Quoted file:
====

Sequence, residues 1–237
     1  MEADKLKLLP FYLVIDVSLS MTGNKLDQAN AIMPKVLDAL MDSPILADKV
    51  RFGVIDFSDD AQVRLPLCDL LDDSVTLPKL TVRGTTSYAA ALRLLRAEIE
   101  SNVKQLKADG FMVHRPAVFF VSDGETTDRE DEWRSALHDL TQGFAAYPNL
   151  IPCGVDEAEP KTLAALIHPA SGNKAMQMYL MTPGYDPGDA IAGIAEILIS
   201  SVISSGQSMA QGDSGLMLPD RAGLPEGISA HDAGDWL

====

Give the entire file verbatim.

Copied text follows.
Sequence, residues 1–237
     1  MEADKLKLLP FYLVIDVSLS MTGNKLDQAN AIMPKVLDAL MDSPILADKV
    51  RFGVIDFSDD AQVRLPLCDL LDDSVTLPKL TVRGTTSYAA ALRLLRAEIE
   101  SNVKQLKADG FMVHRPAVFF VSDGETTDRE DEWRSALHDL TQGFAAYPNL
   151  IPCGVDEAEP KTLAALIHPA SGNKAMQMYL MTPGYDPGDA IAGIAEILIS
   201  SVISSGQSMA QGDSGLMLPD RAGLPEGISA HDAGDWL